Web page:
Novel Strategies for Compound Identification from Compound Libraries: High-Throughput Screening

Novel Strategies for Compound Identification from Compound Libraries: High-Throughput Screening

Tuesday, April 24, 2007

The New York Academy of Sciences

Organizer: Charles A. Lunn, Schering-Plough Research Institute

Agenda

1:00-1:10 PM: Introduction
Charles A. Lunn, Schering-Plough Research Institute

1:15-1:55 PM:
Jim Inglese, National Institute of Health (NIH), Chemical Genomics Center
"Overview of the NIH Molecular Libraries Roadmap Initiative and the NCGC's Quantitative High Throughput Screening Approach to Chemical Genomics"

2:00-2:40 PM:
Matthew Sills
, Pharmacopeia Drug Discovery, Inc.
"Identification of Lead Compounds Using Different Screening Approaches in Lead Discovery"

2:45-3:15 PM: Coffee Break

3:20-4:00 PM:
Larry A. Sklar
, University of New Mexico
"Integration of Virtual Screening with High-throughput Flow Cytometry to Identify Novel Small Molecules: Case Studies"

4:05-4:45 PM:
Can Ozbal
, Director, BioTrove, Inc.
"High Throughput Screening via RapidFireTM Mass Spectrometry"

4:50-5:00 PM: Closing Remarks
Charles A. Lunn, Schering-Plough Research Institute

The BPDG at the New York Academy of Sciences represents a diverse group of scientists and others with an interest in biochemistry, molecular biology, biomedical research, and related areas.

Members are from pharmaceutical and biotechnology companies, and university and medical center research facilities across the Eastern United States. The group also serves as the Biochemical Topical Group for the American Chemical Society's New York Section.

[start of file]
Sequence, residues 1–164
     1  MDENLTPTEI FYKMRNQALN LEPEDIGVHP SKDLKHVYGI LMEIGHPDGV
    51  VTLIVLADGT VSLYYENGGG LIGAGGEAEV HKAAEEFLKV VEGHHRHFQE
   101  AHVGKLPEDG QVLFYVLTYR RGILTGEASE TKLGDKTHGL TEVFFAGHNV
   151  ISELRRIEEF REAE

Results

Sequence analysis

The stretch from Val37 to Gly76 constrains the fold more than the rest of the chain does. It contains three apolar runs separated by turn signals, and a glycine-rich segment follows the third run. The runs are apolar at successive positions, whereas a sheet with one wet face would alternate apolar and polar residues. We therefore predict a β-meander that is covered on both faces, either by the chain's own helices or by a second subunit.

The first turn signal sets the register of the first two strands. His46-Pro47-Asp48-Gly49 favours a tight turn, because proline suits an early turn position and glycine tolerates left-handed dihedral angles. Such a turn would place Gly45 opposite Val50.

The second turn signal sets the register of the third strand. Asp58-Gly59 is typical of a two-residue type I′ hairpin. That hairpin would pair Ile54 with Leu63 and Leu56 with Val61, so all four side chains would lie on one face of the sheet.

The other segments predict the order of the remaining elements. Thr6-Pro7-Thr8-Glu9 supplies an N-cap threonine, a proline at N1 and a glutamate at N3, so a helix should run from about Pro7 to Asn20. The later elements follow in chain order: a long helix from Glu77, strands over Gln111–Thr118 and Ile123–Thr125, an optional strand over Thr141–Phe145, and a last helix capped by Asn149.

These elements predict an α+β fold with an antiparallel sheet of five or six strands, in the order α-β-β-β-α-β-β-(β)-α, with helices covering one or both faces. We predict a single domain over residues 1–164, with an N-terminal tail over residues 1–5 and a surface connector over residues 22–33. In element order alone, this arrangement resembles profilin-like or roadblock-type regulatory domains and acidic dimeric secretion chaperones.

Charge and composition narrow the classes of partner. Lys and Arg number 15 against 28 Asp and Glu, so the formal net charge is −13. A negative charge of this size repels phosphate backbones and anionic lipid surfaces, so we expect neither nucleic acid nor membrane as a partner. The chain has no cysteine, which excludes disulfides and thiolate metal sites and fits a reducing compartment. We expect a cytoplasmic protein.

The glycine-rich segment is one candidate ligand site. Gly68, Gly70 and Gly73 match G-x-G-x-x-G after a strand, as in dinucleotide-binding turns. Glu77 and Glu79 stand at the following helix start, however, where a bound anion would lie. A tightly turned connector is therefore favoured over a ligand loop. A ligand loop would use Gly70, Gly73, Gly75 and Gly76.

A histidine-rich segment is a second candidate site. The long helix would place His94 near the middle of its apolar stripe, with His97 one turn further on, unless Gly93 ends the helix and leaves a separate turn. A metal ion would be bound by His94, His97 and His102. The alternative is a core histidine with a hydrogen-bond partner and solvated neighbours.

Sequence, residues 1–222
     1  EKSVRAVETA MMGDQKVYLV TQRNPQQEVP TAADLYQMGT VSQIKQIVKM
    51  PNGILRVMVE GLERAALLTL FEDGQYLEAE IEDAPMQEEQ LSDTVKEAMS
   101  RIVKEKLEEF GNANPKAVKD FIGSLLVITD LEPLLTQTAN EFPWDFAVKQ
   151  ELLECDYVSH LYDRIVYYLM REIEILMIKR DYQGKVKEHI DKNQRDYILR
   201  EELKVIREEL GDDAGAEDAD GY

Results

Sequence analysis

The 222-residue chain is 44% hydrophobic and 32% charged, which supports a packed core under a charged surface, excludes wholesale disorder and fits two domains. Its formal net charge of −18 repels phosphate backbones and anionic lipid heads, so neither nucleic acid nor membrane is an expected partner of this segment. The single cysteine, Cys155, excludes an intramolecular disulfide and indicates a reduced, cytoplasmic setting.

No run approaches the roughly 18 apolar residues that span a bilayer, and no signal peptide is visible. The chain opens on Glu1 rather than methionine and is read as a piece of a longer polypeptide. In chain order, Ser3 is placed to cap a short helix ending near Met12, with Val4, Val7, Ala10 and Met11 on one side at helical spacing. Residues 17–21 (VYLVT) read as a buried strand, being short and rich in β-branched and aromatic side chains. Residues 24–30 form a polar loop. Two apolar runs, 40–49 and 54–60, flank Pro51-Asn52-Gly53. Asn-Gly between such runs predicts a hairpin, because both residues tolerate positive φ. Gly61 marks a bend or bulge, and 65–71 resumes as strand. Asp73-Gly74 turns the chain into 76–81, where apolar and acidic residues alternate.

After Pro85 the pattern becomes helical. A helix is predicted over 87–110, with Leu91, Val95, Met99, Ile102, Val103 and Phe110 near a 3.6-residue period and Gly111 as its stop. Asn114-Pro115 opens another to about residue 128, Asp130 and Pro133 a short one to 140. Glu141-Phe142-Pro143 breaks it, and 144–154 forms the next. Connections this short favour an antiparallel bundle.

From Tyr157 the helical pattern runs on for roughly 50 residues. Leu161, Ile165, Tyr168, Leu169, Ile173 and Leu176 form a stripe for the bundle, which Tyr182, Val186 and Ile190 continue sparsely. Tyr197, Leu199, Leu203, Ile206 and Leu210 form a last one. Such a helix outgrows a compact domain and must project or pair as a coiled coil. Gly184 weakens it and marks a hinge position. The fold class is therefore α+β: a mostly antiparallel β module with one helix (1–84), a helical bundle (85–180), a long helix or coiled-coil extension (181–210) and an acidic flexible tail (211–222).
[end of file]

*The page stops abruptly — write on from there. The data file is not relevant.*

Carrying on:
The purpose of the BPDG is to bring together diverse institutions and communities, industrial and academic, to share new and relevant information at the frontiers of research and development.

Abstracts

Overview of the NIH Molecular Libraries Roadmap Initiative and the NCGC's Quantitative High Throughput Screening Approach to Chemical Genomics
Jim Inglese
NIH, Chemical Genomics Center

The NIH Chemical Genomics Center (NCGC), a member of the Molecular Libraries Screening Center Network (MLSCN), uses the tools of small molecule discovery to develop chemical probes for the study of protein and cell functions. By utilizing advances in assay design, instrumentation, and data analysis, the NCGC has developed a strategy called quantitative HTS (qHTS). Unlike traditional HTS, where compound activity is measured at a single concentration, qHTS assays compounds at a series of concentrations, resulting in a titration-response profile for each library member. qHTS precisely and comprehensively measures each compound's activity in the assay, and enables in-depth structure-activity relationships (SAR) and compound profiling across many assays, all from the primary screening results. qHTS accelerates the generation of high quality probes and guides follow-up chemistry, which if needed is performed by NCGC's chemistry staff. To date, the NCGC has screened over 50 assays, generated more than 20 million results and entered the data into PubChem, a public database maintained by the National Library of Medicine.

Identification of Lead Compounds Using Different Screening Approaches in Lead Discovery
Matthew A. Sills

Pharmacopeia Drug Discovery

The screening of large compound libraries to identify novel lead compounds has evolved considerably during the past 20 years. A continuing challenge faced in lead discovery is how to effectively evaluate an increasing library of compounds without a concomitant increase in budget. One approach utilized by a number of companies is the evaluation of compounds as mixtures in prim